In my previous column, I talked about developing a family financial mission statement. The concept of a mission statement comes from business. In addition to a mission statement, other tools are available that individuals and families can borrow from business to make their personal financial planning successful.

Think of your financial situation as your personal corporation. If you were given a chance to buy stock in yourself, would you do it? When stock is sold through a stock broker, prospective buyers are encouraged to read the company's annual report. This would include certain financial statements giving an indication of how solid or shaky the company's financial situation might be. There are tools that tell you about your own personal financial corporation financial situation as well.

Corporations and individuals want to know the following: How do assets such as property, stocks, certificates of deposit, etc. stack up against the loans you have? Could you summarize how your income and expenses balanced last year? Do you have a plan for this year? Have you projected your income and expenses so you can continually monitor your plans? If you haven't done any of the above, you are not unusual. Most people operate on the checkbook system. If there is money, spend it. If there isn't - whoops, what do we do now?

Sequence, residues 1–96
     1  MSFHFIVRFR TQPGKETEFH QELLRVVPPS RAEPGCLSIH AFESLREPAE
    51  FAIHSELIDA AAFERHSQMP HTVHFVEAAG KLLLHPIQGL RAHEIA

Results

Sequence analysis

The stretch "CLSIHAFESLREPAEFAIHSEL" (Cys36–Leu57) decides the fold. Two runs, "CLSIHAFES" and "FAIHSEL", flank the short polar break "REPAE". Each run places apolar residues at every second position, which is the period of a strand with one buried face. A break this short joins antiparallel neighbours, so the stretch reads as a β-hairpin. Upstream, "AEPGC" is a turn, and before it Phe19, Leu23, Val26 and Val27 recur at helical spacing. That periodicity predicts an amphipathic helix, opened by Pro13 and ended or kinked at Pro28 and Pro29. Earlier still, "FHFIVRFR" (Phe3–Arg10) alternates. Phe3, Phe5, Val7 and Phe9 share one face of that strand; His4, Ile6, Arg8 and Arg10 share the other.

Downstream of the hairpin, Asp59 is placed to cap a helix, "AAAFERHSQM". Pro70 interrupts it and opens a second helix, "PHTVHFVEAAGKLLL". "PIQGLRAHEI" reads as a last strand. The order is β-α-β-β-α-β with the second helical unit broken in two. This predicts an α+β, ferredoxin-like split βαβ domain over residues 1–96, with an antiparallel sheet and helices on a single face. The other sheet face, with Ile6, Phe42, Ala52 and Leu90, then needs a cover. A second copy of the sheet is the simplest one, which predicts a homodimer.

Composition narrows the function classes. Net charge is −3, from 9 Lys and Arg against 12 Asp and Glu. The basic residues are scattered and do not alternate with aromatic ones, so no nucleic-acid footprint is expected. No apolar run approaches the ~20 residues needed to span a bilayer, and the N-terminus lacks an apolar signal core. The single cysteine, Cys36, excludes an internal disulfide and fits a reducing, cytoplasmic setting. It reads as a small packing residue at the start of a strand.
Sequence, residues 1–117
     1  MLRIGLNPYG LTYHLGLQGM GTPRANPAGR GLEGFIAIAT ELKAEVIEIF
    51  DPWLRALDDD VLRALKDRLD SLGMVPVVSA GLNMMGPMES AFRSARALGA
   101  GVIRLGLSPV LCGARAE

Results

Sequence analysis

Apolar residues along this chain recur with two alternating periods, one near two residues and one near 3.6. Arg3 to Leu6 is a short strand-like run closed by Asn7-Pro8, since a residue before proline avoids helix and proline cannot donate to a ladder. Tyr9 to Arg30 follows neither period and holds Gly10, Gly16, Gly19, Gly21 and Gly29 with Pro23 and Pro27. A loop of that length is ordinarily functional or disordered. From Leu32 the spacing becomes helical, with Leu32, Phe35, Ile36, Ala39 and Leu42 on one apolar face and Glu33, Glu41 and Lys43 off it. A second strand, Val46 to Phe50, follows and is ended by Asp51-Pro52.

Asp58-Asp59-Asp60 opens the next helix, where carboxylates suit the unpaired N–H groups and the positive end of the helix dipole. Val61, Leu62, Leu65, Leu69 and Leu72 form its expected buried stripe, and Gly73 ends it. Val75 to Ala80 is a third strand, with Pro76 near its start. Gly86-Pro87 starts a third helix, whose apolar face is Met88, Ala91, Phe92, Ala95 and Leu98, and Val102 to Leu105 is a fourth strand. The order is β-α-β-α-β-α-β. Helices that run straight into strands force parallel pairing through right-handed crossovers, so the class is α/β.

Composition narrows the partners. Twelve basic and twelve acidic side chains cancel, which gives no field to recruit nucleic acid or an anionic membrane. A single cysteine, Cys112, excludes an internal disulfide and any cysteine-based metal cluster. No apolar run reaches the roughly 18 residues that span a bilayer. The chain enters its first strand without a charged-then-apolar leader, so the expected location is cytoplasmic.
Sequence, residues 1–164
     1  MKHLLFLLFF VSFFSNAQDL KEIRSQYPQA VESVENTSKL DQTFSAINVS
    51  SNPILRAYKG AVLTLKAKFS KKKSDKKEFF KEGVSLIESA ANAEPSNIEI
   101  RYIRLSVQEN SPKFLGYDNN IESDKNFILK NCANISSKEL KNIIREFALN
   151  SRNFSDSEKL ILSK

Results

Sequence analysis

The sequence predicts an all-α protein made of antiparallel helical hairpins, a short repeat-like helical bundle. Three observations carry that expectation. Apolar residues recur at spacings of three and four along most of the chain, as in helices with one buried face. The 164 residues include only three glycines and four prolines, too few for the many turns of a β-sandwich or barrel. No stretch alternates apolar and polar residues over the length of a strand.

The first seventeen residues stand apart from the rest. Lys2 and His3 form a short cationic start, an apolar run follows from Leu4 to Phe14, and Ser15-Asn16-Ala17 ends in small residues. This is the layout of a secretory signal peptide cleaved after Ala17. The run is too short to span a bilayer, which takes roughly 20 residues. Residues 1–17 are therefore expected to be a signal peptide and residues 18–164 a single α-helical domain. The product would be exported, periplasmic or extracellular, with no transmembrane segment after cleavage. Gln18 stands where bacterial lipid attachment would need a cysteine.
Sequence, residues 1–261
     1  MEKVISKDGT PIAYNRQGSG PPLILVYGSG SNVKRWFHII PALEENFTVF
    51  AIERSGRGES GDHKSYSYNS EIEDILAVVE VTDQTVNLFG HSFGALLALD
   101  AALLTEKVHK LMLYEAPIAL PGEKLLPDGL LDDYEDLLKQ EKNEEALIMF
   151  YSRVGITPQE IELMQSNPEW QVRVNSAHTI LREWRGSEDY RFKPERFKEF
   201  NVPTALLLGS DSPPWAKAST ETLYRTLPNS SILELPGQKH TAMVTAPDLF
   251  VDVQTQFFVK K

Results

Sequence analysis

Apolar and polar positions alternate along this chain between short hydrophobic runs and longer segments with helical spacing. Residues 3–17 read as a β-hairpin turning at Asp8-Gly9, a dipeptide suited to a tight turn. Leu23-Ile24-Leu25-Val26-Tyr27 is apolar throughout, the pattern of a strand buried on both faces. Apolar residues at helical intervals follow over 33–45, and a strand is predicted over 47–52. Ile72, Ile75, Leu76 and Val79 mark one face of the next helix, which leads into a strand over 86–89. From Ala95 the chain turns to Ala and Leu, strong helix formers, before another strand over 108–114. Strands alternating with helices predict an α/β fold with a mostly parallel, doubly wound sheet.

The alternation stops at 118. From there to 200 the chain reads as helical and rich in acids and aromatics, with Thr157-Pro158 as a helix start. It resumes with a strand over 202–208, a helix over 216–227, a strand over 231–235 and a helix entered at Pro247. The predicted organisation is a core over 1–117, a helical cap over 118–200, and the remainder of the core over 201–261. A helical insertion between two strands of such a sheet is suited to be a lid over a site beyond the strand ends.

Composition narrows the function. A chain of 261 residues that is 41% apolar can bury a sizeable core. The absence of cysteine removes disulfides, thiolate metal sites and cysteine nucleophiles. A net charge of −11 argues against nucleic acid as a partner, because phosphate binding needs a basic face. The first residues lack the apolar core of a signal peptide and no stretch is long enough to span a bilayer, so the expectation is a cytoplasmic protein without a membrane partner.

People can benefit from using the same tools that businesses use to manage their finances. These tools, which are not complicated, provide peace of mind in guiding you so you can do what you want to do. If you want more money to invest in financial security, your challenge is to get it. If you want to accomplish a goal and so far you haven't succeeded, try putting your money management system into a business format.

Use the following tools in your personal financial plan: 1) a balance sheet, 2) a cash-flow plan and 3) a cash-flow worksheet for keeping your spending in line with your cash-flow plan.

A balance sheet lists what you own and what you owe. The difference between the two is your financial picture. If you own more than you owe, then you have a positive net worth. If the opposite is true and you owe more than you own, then you have a negative net worth. If you do a balance sheet at least once a year, you'll get a good idea whether you are progressively increasing your value (net worth) or if it seems to diminish every year. (For more information, check out the Web at www.pncbank.com/personal_finance/0,3810,3784,00.html.)

In my next column, I'll describe each of these tools and point you to some Web-based resources where you can plug in your own information.


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